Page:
Water electrolysis is a very promising technology for sustainable hydrogen generation using renewable electrical energy.
The excellent performance and dynamic behaviour for storing electrical energy in hydrogen allow polymer electrolyte membrane (PEM) electrolysis to cover the gap between the intermittent renewable power production and the grid demand at different time horizons and scales. This deliverable is mainly addressed to the development and characterization of high performance nanostructured Ir-Ru-oxide electro-catalyst achieving for the rate determining oxygen evolution reaction a current density of 3 A cm-2 at about 1.8 V (>80% enthalpy efficiency) with a low catalyst loading (0.34 mg cm-2 ). The stability characteristics were studied in practical PEM electrolysis cells operating at 80 °C, using several durability tests of 1000 h each to evaluate the reliability of this electrocatalyst for real-life operation.
Further insights on the degradation mechanism were acquired by subjecting the catalyst to potential steps in a specially designed electrochemical flow cell under corrosive liquid electrolyte with on-line monitoring of the dissolved ions. Structural, morphology, composition and surface analysis of the anode electro-catalyst after operation in the electrolysis cell, complemented by in-situ electrochemical diagnostics, provided important insights into the degradation mechanisms. Catalyst operation at high turnover frequency was observed to cause a progressive change of Lewis acidity characteristics with time for both Ir and Ru cations thus influencing their ability to promote water oxidation. Nanosized Ir-black (3 nm) and Ir-oxide (5 nm) oxygen evolution electrocatalysts showing high performance in polymer electrolyte membrane (PEM) water electrolysis based on Aquivion® shortside chain ionomer membrane were, also, investigated to understand the role of the Ir oxidation state on the electrocatalytic activity and stability.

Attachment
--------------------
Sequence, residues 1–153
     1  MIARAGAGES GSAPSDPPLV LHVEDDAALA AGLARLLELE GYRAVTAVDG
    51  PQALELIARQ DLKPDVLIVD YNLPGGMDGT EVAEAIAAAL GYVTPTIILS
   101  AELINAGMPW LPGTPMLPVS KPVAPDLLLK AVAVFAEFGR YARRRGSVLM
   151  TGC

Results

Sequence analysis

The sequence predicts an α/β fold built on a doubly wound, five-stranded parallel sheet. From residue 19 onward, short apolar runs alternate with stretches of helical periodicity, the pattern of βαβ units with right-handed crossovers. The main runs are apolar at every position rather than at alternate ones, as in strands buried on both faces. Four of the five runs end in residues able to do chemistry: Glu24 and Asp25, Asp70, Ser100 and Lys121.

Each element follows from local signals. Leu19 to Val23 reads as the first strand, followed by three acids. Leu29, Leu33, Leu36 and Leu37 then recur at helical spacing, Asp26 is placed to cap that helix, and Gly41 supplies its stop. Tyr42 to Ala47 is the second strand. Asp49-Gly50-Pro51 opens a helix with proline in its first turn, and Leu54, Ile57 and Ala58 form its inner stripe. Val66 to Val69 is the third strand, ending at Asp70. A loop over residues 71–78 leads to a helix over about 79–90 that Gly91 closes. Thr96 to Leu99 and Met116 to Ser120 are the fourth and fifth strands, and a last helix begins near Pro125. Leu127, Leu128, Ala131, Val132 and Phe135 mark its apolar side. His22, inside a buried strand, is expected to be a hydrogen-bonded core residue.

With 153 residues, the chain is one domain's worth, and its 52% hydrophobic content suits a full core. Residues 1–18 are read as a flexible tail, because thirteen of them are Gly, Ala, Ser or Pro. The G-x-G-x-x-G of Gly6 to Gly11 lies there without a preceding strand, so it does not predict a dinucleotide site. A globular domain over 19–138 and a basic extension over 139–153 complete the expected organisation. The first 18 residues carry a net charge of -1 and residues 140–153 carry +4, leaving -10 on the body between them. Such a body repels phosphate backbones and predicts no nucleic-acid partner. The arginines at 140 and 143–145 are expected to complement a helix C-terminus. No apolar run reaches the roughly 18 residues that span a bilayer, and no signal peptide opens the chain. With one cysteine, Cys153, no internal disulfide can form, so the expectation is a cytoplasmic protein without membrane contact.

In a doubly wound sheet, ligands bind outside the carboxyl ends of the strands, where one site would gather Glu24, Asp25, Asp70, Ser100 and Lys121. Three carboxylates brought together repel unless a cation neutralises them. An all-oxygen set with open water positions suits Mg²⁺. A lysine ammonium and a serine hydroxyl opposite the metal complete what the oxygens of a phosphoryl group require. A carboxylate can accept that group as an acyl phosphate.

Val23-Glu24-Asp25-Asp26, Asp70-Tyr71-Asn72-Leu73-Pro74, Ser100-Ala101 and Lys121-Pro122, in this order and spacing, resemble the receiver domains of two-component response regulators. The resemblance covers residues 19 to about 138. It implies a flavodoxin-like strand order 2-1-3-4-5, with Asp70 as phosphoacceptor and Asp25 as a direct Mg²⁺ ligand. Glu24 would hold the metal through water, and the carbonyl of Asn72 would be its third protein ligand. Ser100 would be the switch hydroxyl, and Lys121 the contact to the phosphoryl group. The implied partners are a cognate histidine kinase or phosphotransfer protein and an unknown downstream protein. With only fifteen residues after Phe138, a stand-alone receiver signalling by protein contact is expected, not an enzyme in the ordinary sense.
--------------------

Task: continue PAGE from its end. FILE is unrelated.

Despite the smaller mean crystallite size, the Ir-black electrocatalyst shows significantly lower initial performance than the Ir-oxide. During operation at high current density, the Ir-black shows a decrease of cell potential with time whereas the Ir-oxide catalyst shows increasing cell potential resulting in a degradation rate of about 10 µV/h, approaching 1000 h. The unusual behaviour of the Ir-black results from the oxidation of metallic Ir to IrOx . The Iroxide catalyst shows instead a hydrated structure on the surface and a negative shift of about 0.5 eV for the Ir 4f binding energy after 1000 h electrolysis operation. This corresponds to the formation of a sub-stoichiometric Ir-oxide on the surface. These results indicate that a hydrated IrO2 with high oxidation state on the surface is favourable in decreasing the oxygen evolution overpotential. Modifications of the Ir chemical oxidation state during operation can affect significantly the catalytic activity and durability of the electrolysis system.
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